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Monday, July 25, 2005

It all comes down to the people's law vs. the 'divine' law 

We stopped subscribing to Newsweek after one too many cover stories about Jesus and his angels.
So without Orcinus, I would have missed this great column on the basic similarity between homegrown and international terrorism --Untrue Believers by Christopher Dickey:
The sentencing of Eric Rudolph, who bombed abortion clinics, a gay bar and the Atlanta Olympics, ought to be a milestone in the Global War on Terror . . . Rudolph killed two people, but not for want of trying to kill many more. In his 1997 attack on an Atlanta abortion clinic, he set off a second bomb meant to take out bystanders and rescue workers. Unrepentant, of course, Rudolph defended his actions as a moral imperative: “Abortion is murder, and because it is murder I believe deadly force is needed to stop it.” The Birmingham prosecutor declared that Rudolph had “appointed himself judge, jury and executioner.” Indeed. That’s what all terrorists have in common: the four lunatics in London earlier this month; the 19 men who attacked America on September 11, 2001; Timothy McVeigh in Oklahoma City, and many others. They were all convinced they had noble motives for wreaking their violence. Terrorists are very righteous folks. Which is why the real global war we’re fighting, let’s be absolutely clear, should be one of our shared humanity against the madness of people like these; the rule of man-made laws on the books against the divine law they imagine for themselves. It’s the cause of reason against unreason, of self-criticism against the firm convictions of fanaticism. [emphasis mine]. . . [Quoting writer Eric Hoffer] “faith in a holy cause is to a considerable extent a substitute for the lost faith in ourselves” fits the profile of terrorists everywhere. "in exchanging a self-centered for a selfless life we gain enormously in self-esteem. The vanity of the selfless, even those who practice utmost humility, is boundless." The threat is more vast when it comes from those inspired by Al Qaeda, because Osama bin Laden’s pseudo-chivalric ideology of “sacrifice” and “martyrdom” has proved so infectious among small groups of young people on the margins of Muslim societies. Rudolph and McVeigh were basically loners, although they, too, claimed they were fighting for a greater cause—in Rudolph’s case, the “right to life.” . . . the difference between rationalism and obscurantism should be underlined at every opportunity. And that’s not what’s happening. Instead, since the detour into Iraq it seems the intellectual compass of those who led us there has gotten lost in a fog of moral pieties, and sweet reason has surrendered to missionary zeal. To be a true believer in the Global War on Terror you are supposed to believe that we are fighting terrorists in Iraq, but that they would never think of fighting back outside of Iraq. Any effort to understand the enemy or his motivations is treated as an apology for what he does. At times we seem to be infected by the very pathology we are fighting against . . . facing the basic painful facts and addressing them logically, reasonably, without demagoguery is not a surrender to terrorism, it is the first crucial step toward defeating it. Righteous murderers may claim they're defending Islam or unborn babies, but clearer heads and common sense can distinguish true believers from those who believe in truth.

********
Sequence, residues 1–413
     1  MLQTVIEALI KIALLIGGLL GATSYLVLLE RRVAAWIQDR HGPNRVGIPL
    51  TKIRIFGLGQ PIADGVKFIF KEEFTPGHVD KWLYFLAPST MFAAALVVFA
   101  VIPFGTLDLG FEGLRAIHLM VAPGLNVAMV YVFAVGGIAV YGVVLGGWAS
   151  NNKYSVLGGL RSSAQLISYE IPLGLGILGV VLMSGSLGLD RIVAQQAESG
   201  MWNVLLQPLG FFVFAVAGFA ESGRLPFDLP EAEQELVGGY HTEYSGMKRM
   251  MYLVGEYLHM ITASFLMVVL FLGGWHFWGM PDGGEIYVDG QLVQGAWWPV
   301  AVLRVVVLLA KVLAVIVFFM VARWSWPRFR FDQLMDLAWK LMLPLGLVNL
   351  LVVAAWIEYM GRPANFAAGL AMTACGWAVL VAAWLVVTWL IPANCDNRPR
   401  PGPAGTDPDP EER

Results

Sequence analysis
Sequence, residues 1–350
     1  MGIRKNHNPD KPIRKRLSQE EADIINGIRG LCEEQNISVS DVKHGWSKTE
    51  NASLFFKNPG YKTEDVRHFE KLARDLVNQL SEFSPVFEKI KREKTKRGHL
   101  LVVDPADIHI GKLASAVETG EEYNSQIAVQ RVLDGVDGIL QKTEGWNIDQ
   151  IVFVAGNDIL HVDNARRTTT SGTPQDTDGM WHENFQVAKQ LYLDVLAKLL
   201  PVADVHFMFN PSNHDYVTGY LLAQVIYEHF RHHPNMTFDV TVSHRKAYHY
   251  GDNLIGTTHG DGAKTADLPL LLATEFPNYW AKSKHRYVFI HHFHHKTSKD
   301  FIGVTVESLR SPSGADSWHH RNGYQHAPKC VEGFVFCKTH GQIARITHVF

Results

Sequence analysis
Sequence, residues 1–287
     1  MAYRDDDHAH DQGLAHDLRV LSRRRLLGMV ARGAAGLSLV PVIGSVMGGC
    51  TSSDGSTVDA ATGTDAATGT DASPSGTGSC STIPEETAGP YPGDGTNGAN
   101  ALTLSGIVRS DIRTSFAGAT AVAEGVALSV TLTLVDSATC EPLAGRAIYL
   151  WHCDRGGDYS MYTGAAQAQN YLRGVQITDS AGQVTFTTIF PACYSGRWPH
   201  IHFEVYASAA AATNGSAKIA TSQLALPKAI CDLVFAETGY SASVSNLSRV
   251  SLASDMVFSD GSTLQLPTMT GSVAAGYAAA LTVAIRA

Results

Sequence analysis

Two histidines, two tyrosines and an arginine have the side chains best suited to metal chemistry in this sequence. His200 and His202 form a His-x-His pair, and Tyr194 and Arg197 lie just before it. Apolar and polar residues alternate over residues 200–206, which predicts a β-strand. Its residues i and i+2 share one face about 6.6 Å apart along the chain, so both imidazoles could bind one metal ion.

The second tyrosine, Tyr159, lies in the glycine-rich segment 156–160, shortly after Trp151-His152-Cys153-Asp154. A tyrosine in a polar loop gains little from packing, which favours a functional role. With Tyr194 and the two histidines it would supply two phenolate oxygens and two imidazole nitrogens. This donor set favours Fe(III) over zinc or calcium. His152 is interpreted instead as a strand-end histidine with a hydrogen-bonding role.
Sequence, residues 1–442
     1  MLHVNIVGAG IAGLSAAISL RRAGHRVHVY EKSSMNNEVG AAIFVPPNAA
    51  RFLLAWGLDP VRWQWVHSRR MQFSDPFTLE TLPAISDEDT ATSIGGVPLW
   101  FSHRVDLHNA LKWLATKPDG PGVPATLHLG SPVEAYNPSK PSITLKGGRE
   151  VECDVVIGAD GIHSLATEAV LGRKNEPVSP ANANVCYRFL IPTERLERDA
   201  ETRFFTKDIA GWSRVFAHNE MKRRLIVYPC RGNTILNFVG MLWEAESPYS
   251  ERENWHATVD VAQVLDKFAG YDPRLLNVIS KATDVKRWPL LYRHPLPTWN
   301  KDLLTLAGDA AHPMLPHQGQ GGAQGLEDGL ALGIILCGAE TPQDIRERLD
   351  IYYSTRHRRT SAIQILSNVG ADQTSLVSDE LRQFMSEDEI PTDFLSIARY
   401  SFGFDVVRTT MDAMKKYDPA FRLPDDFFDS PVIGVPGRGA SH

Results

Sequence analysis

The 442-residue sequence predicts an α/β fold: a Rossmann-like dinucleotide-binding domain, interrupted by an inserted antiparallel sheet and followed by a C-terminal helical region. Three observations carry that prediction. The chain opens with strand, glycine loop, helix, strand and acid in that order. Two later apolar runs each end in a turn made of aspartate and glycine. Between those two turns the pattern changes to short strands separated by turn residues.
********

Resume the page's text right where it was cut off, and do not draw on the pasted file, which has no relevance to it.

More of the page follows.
And while you are visiting Orcinus, take a gander at his next post, The Zigzag March of the Minutemen. I think Dave Neiwert is doing the best analysis in North America today on the dangers of the -isms (racism, anti-semitism, nationalism, fascism, etc)


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